Commenced in January 2007
Frequency: Monthly
Edition: International
Paper Count: 3

Industrial Effluents Related Publications

3 The Absence of a National Industrial Effluent Policy: Imminent Risk to the Brazilian Bodies of Water

Authors: Aline Alves Bandeira, Maria Cecília de Paula Silva

Abstract:

The existing legal gap regarding thes treatment and final disposal of industrial effluents in Brazil promotes legal uncertainty. The government has not structured itself to guarantee environmental protection. The current legal system and public policies must guarantee the protection of bodies of water and an effective treatment of industrial effluents. This is because economic progress, eco-efficiency and industrial ecology are inseparable. The lack of protection for the water bodies weakens environmental protection, with abuses by companies that do not give due treatment to their effluents, or fail to present the water balance of their factories. It is considered necessary to enact a specific law on industrial effluents related to a National Industrial Effluent Policy, because it is the location of the largest Integrated Industrial Complex in the Southern Hemisphere. The regulation of this subject cannot be limited by decrees of the local Executive Branch, allowing the inspection of the industrial activity or enterprise to be affected fundamentally by environmental self-control, or by private institutions.

Keywords: Environmental Management, Environmental Law, Industrial Effluents, Effluent policy

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2 Characterization of Brewery Wastewater Composition

Authors: Josiah Adeyemo, Abimbola M. Enitan, Sheena Kumari, Feroz M. Swalaha, Faizal Bux

Abstract:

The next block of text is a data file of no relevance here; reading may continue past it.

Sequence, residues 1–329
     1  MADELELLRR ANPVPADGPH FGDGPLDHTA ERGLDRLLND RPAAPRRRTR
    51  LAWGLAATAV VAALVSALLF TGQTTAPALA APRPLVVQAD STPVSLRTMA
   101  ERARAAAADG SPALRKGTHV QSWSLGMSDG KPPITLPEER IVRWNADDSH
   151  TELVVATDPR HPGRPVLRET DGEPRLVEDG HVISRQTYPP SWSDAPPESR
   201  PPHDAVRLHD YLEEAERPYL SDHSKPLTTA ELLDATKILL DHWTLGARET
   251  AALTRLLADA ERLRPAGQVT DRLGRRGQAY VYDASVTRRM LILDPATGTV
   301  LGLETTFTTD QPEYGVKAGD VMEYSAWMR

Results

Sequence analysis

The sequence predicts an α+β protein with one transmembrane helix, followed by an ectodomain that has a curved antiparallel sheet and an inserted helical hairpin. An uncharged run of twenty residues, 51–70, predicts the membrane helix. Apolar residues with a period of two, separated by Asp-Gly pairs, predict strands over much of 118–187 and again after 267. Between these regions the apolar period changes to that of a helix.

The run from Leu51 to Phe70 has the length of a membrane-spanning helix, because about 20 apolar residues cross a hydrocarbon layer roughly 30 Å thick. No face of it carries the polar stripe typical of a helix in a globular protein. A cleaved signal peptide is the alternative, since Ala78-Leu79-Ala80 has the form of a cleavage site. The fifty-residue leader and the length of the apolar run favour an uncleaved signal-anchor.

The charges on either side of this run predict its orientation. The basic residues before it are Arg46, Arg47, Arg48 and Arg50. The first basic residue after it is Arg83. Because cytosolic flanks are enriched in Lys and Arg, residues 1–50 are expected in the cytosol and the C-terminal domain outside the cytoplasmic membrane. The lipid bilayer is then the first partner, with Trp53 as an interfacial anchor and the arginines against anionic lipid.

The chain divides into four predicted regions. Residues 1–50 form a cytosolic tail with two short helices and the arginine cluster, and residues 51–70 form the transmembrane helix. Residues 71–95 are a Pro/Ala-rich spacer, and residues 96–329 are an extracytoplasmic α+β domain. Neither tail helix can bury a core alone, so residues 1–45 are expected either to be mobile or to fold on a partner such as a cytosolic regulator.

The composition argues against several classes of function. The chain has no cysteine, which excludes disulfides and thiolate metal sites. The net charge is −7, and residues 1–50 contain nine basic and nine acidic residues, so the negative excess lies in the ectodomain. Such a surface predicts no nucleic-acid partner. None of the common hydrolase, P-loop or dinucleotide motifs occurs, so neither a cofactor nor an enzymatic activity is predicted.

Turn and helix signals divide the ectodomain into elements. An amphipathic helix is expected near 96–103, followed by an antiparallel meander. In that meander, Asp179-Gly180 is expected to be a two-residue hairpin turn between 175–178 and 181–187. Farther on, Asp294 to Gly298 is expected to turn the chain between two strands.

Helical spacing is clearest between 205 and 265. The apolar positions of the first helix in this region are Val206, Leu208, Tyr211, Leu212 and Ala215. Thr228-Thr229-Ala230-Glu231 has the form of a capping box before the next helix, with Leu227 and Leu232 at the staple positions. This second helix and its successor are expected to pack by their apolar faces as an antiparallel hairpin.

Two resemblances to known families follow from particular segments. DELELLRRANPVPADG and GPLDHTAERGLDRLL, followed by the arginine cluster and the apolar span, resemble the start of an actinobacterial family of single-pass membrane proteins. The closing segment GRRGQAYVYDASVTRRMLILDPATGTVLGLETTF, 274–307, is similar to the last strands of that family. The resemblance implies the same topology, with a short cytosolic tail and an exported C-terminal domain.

Industries produce millions of cubic meters of effluent every year and the wastewater produced may be released into the surrounding water bodies, treated on-site or at municipal treatment plants. The determination of organic matter in the wastewater generated is very important to avoid any negative effect on the aquatic ecosystem. The scope of the present work is to assess the physicochemical composition of the wastewater produced from one of the brewery industry in South Africa. This is to estimate the environmental impact of its discharge into the receiving water bodies or the municipal treatment plant. The parameters monitored for the quantitative analysis of brewery wastewater include biological oxygen demand (BOD5), chemical oxygen demand (COD), total suspended solids, volatile suspended solids, ammonia, total oxidized nitrogen, nitrate, nitrite, phosphorus and alkalinity content. In average, the COD concentration of the brewery effluent was 5340.97 mg/l with average pH values of 4.0 to 6.7. The BOD5 and the solids content of the wastewater from the brewery industry were high. This means that the effluent is very rich in organic content and its discharge into the water bodies or the municipal treatment plant could cause environmental pollution or damage the treatment plant. In addition, there were variations in the wastewater composition throughout the monitoring period. This might be as a result of different activities that take place during the production process, as well as the effects of peak period of beer production on the water usage.

Keywords: Environmental Pollution, Industrial Effluents, brewery wastewater, physicochemical composition

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1 Adsorption of Ferrous and Ferric Ions in Aqueous and Industrial Effluent onto Pongamia pinnata Tree Bark

Authors: M. Mamatha, H. B. Aravinda, E. T. Puttaiah, S. Manjappa

Abstract:

One of the causes of water pollution is the presence of heavy metals in water. In the present study, an adsorbent prepared from the raw bark of the Pongamia pinnata tree is used for the removal of ferrous or ferric ions from aqueous and waste water containing heavy metals. Adsorption studies were conducted at different pH, concentration of metal ion, amount of adsorbent, contact time, agitation and temperature. The Langmuir and Freundlich adsorption isotherm models were applied for the results. The Langmuir isotherms were best fitted by the equilibrium data. The maximum adsorption was found to 146mg/g in waste water at a temperature of 30°C which is in agreement as comparable to the adsorption capacity of different adsorbents reported in literature. Pseudo second order model best fitted the adsorption of both ferrous and ferric ions.

Keywords: Heavy Metals, Adsorption, Industrial Effluents, adsorption isotherms

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